Employers announced plans to cut 38,536 jobs in June, according to a report issued by Challenger Gray & Christmas. June’s announced cuts were 28% higher than May’s total, but still well below the 12 month average. The pace of cuts in the second quarter was 27% lower than the first quarter of the year.

“It is not unusual to see a slowdown in job cuts during the summer months,” said John A. Challenger, CEO of Challenger Gray & Christmas. “Other factors are definitely contributing to the decline, the biggest one being the precipitous drop off in job cuts attributed to low oil prices.”

Job cuts in the energy sector fell to 28,310 during the second quarter, down 42% from the first quarter’s total. Cuts in the retail and health care sectors also fell significantly in the second quarter, down 48% and 65% respectively. In contrast, the computer industry increased layoffs during the second quarter. The industry has cut 39,589 jobs through the first half of 2016.

“We may continue to see low job cuts throughout the remainder of 2016, as employers take a wait-and-see stance on workforce levels. Several uncertainties, including national elections, the recent Brexit, and global security and economic issues are giving employers pause when it comes to workforce decisions,” said Challenger.

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Wednesday, July 6, 2016

FOMC Minutes: No Rate Hike amid Slow Job Growth

Fed officials expressed a degree of uncertainty regarding the slowdown in payroll employment gains in the minutes of their June 14 – 15 Federal Open Market Committee (FOMC) meeting.

Participants observed that transitory factors may have understated payroll growth, however many thought the underlying pace of growth had slowed from previous months.

Despite weaker labor market growth, participants noted that economic activity “appeared to have picked up,” citing an increase in consumer spending and in the housing sector. The drag associated with net exports also appeared to have diminished some, but fixed investment remained soft.

Members noted that uncertainty regarding the U.K. referendum was an additional factor in policy deliberations, and that the outcome and its potential effect on economic and financial markets would need to be monitored closely.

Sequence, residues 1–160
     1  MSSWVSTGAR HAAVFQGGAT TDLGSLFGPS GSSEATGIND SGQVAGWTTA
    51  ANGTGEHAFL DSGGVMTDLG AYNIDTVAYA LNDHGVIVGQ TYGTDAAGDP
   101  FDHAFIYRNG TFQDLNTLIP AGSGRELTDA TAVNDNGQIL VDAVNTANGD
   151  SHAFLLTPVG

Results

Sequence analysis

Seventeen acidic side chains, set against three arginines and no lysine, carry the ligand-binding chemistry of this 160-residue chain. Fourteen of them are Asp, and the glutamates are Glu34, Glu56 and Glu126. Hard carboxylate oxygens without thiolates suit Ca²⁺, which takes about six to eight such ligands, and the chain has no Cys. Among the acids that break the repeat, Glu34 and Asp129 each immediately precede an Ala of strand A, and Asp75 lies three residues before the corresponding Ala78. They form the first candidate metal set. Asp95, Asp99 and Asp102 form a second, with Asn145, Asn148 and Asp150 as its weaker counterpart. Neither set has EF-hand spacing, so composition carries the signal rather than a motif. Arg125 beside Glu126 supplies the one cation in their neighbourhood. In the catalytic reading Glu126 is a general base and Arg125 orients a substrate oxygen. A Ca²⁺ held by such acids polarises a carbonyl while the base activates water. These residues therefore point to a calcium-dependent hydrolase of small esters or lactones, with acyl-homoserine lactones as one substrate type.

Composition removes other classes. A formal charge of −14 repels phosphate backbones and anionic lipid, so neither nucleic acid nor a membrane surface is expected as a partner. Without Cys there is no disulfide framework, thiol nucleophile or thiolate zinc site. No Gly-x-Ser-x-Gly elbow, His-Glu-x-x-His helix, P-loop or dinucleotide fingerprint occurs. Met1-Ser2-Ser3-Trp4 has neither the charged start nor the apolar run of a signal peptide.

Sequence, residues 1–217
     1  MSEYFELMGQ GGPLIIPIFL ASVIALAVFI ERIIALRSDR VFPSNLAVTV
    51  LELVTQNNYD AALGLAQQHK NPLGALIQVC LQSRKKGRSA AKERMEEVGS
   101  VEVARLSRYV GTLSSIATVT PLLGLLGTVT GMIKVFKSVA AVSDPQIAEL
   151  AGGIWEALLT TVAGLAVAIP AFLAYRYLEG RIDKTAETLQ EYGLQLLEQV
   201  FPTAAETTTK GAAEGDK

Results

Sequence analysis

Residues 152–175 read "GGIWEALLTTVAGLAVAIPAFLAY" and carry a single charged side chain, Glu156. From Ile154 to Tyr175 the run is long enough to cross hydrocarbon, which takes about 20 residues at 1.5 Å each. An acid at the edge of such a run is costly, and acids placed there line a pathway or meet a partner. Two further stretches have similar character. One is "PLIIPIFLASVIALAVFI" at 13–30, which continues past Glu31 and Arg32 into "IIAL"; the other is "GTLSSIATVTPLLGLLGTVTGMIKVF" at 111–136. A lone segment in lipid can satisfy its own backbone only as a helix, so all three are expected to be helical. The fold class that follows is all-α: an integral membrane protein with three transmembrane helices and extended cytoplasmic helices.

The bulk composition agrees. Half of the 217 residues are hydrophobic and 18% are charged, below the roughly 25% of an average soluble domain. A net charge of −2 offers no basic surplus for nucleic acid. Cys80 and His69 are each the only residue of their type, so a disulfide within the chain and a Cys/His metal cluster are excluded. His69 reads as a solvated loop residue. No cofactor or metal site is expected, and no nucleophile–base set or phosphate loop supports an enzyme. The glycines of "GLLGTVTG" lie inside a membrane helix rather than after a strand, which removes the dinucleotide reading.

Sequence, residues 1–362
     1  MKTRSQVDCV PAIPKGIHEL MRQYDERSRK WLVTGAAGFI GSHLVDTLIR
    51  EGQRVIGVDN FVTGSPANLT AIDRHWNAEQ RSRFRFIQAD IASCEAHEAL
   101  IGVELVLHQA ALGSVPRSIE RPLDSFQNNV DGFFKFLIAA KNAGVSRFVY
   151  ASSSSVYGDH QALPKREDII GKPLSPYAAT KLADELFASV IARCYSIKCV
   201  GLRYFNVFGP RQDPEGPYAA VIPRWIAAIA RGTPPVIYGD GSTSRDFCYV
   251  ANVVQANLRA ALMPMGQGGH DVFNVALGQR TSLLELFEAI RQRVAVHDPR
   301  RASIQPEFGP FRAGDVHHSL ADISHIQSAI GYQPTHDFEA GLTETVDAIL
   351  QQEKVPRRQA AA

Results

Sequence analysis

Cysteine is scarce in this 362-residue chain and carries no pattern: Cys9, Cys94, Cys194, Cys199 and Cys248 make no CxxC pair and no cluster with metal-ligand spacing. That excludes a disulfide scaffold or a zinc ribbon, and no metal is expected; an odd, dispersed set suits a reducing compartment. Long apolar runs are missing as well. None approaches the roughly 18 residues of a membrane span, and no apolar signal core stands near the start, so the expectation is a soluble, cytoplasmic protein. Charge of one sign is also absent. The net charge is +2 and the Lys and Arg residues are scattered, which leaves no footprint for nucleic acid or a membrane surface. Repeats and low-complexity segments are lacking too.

At the conclusion of the meeting, the Committee unanimously decided to maintain the target federal funds rate at 0.25 – 0.50 percent.

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ISM: Non-Manufacturing Sector Expands

The ISM Non-Manufacturing Index registered 56.5 points in June, up 3.6 points from May’s rate and marking the 77th consecutive month of growth in the sector. Fifteen non-manufacturing industries reported growth in June, while three reported contraction.

Growth in the Business Activity Index rose to 59.5 points, up 4.4 points from May’s reading. Respondents reported seeing “greater demand for services by customers” along with increased month-to-month and year-over-year sales. Fourteen of the eighteen industries surveyed reported growth, while two industries, Professional, Scientific & Technical Services and Educational Services, reported contraction.

Non-manufacturing employment grew in June after contracting in May. The index rose 3 points to 52.7. Comments from respondents include: “Hiring to address open positions and workload” and “Higher volumes – higher direct labor levels.” Twelve industries reported increasing employment during the month, while two industries, Educational Services and Other Services, reported contraction.

The New Orders Index registered 59.9 points, up 5.7 from May. Some respondents cited increased marketing and job awards as a reason for the rise in new orders. Fifteen industries reported growth, while three reported contraction.

Supplier deliveries slowed for the sixth consecutive month as the index registered 54.0 points (readings above 50 for this index indicate slower deliveries). Ten industries reported slowed deliveries while only the Agriculture industry reported faster deliveries.